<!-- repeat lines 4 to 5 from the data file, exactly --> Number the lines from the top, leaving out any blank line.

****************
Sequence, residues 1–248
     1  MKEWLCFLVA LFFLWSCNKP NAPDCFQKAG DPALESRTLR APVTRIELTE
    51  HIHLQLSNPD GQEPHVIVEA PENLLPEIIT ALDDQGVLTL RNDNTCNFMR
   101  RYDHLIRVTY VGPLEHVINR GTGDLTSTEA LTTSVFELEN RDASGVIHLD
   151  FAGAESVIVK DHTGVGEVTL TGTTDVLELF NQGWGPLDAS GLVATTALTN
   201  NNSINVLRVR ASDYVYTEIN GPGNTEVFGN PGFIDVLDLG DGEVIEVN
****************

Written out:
   101  RYDHLIRVTY VGPLEHVINR GTGDLTSTEA LTTSVFELEN RDASGVIHLD
   151  FAGAESVIVK DHTGVGEVTL TGTTDVLELF NQGWGPLDAS GLVATTALTN